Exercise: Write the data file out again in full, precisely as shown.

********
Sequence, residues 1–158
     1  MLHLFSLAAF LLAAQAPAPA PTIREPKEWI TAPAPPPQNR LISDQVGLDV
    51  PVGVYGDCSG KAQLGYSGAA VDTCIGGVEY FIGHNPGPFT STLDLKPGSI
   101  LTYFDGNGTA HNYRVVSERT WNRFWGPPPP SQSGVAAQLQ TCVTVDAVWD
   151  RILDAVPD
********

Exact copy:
Sequence, residues 1–158
     1  MLHLFSLAAF LLAAQAPAPA PTIREPKEWI TAPAPPPQNR LISDQVGLDV
    51  PVGVYGDCSG KAQLGYSGAA VDTCIGGVEY FIGHNPGPFT STLDLKPGSI
   101  LTYFDGNGTA HNYRVVSERT WNRFWGPPPP SQSGVAAQLQ TCVTVDAVWD
   151  RILDAVPD